A bipartisan bill introduced in the Senate by Ted Kennedy and John McCain offers a plan for dealing with the nation's illegal immigration problem. Undocumented immigrants would be able to pay a fine, receive a three-year work visa, renewable once, and then, in McCain's words, "get in the back of the line for a green card and eventually become citizens." Foreigners could enter as temporary guest-workers and then apply for permanent residency.
The approach has merit: Giving visa-holders the opportunity to stay means that today's guest workers won't become tomorrow's illegal workers. But the bill sets a cap on the annual number of temporary-work visas at 400,000. With an estimated eight to 10 million undocumented immigrants now in the country, not to mention continued emigration pressures from Mexico, Central America and Asia, undocumented immigration will probably continue.
Even if Congress raised the ceiling on annual legal immigration, demand from some areas would probably continue to exceed the supply of legal admissions. Illegal immigration is a hard problem to solve because it involves myriad issues that are difficult to reconcile: domestic and international politics, competing economic interests, the need to prosecute lawbreakers, and the desire to be humane. But we often overlook simple solutions that have historical and legal precedent. We used to have one policy that is worth revisiting: a time limit -- a statute of limitations -- on prosecuting unauthorized presence.
Before 1891 there were no provisions in our immigration laws to deport an immigrant who entered without permission. (Indeed, hardly any requirements for admission existed.) Thereafter, Congress enacted statutes of limitations of one to five years for deportable offenses. This policy recognized an important reality about illegal immigrants: They settle, raise families and acquire property -- in other words, they become part of the nation's economic and social fabric. In the first decades of the 20th century, it was considered unconscionable to expel such people. Judge Learned Hand of New York said that deportation, especially when it tore people from their homes and families, was "barbarous and cruel."
After World War I a conservative Congress imposed both quantitative (numerical ceilings) and qualitative (national origin and racial) restrictions on immigration, ending the storied era of open immigration from Europe. And in a fit of hyper-nationalist vengeance it also eliminated the statute of limitations on unlawful entry.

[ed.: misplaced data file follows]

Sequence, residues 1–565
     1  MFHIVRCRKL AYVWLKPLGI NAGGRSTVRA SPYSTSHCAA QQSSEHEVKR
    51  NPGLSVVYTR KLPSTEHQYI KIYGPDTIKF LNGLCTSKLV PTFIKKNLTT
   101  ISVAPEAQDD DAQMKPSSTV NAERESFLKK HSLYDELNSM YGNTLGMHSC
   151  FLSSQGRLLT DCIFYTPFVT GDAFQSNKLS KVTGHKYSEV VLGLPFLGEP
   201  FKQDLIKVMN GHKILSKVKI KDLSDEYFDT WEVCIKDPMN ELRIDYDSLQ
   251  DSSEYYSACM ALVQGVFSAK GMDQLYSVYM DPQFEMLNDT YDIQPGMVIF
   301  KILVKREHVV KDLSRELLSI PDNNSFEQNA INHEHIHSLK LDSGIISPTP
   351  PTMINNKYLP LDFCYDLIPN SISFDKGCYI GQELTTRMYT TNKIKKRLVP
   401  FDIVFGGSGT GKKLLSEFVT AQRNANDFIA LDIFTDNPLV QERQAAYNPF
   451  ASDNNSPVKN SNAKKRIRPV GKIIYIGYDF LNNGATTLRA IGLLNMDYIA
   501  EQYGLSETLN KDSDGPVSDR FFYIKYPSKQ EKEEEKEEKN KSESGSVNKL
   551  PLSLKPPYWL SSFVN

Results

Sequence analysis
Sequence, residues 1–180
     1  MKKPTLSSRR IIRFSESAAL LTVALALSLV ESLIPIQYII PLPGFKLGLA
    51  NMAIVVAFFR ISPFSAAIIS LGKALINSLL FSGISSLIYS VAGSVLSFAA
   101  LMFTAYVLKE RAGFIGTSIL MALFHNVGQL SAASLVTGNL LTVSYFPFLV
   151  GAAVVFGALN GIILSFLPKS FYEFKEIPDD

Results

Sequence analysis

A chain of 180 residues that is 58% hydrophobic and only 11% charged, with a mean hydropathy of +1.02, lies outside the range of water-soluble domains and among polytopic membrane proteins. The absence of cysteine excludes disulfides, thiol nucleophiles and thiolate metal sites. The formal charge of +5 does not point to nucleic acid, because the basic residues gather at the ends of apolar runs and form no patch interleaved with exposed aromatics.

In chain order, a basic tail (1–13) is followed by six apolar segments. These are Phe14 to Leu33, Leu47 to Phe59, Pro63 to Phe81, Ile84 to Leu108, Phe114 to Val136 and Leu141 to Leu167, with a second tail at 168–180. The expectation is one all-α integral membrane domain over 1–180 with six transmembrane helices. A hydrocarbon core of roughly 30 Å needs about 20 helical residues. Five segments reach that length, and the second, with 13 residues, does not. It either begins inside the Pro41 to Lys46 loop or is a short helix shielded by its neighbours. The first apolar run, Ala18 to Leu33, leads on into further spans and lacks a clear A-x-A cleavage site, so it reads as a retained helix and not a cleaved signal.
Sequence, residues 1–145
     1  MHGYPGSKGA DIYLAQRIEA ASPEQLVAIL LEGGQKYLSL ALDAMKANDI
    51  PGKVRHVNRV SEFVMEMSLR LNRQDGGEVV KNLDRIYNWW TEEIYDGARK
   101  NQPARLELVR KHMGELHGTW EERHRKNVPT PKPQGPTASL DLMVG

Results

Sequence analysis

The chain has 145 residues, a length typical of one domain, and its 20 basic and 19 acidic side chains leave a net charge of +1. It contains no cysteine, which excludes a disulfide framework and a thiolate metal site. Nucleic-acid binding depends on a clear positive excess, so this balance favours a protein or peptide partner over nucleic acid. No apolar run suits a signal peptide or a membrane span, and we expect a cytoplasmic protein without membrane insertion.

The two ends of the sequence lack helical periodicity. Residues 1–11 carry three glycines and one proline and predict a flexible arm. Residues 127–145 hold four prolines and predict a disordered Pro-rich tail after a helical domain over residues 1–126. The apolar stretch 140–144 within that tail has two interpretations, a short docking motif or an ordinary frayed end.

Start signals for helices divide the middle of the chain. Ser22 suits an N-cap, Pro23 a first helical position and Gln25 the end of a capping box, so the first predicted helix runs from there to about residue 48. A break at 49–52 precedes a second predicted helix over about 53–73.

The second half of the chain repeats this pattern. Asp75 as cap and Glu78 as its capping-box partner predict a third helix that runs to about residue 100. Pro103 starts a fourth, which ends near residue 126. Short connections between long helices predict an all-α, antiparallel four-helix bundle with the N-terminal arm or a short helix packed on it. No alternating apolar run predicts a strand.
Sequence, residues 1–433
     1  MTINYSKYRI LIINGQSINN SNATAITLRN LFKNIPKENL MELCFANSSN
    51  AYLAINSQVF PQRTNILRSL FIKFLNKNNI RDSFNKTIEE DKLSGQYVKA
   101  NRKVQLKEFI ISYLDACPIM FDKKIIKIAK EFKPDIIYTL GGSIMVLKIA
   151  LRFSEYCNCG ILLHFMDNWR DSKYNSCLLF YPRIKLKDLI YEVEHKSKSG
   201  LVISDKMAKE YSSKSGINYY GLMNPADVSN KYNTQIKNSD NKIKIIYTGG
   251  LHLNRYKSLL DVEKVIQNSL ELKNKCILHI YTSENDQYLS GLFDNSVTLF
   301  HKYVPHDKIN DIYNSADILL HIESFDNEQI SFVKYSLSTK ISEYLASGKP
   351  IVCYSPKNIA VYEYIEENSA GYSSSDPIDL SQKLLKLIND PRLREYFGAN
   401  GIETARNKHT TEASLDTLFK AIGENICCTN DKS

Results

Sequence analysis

We have long since repudiated the national origins quota system as a racist policy. But we have remained committed to numerical restrictions and to expelling undocumented immigrants, regardless of their length of stay, the contributions they make and the social ties that they establish. The few reforms that were made over the years, which allowed for suspending deportation in hardship cases or according to a balance of equities, were virtually eliminated by Congress in 1996.
Critics oppose legalizing undocumented immigrants on the grounds that it rewards bad behavior. This concern is, again, at the center of debate over the Kennedy-McCain bill. Yet, we should consider that nearly all offenses, civil and criminal, carry statutes of limitations. Time limits provide an incentive for plaintiffs to bring suit promptly. It is not the best use of the government's resources to pursue old cases in which the evidence is stale or difficult to obtain. The benefits of prosecution often diminish with time, as the offender has often reformed. Limiting the time of possible prosecution also thwarts the potential for blackmail by a third party that knows of the offense. (This is essentially how employers abuse undocumented workers.) Finally, the passage of time brings with it the need for closure. The U.S. Supreme Court recently explained: "The statute of limitations establishes a deadline after which the defendant may legitimately have peace of mind." Only the most serious crimes, such as kidnapping and murder, carry no statutes of limitations.
A statute of limitations on unlawful entry is therefore not anachronistic but consistent with basic legal and moral principles. It does not condone or reward illegal immigration: Unauthorized presence would remain a violation of the law and continue to carry the risk of apprehension and removal, at least for some period of time. But it would allow us to recognize that the undocumented become, for better or worse, members of the community, and to accept them as such.
Restoring the statute of limitations would not solve our immigration problems. But it would go a long way toward stemming the accretion of a caste population that is easily exploitable and lives forever outside the polity.
The writer teaches history at the University of Chicago. She is the author of "Impossible Subjects: Illegal Aliens and the Making of Modern America."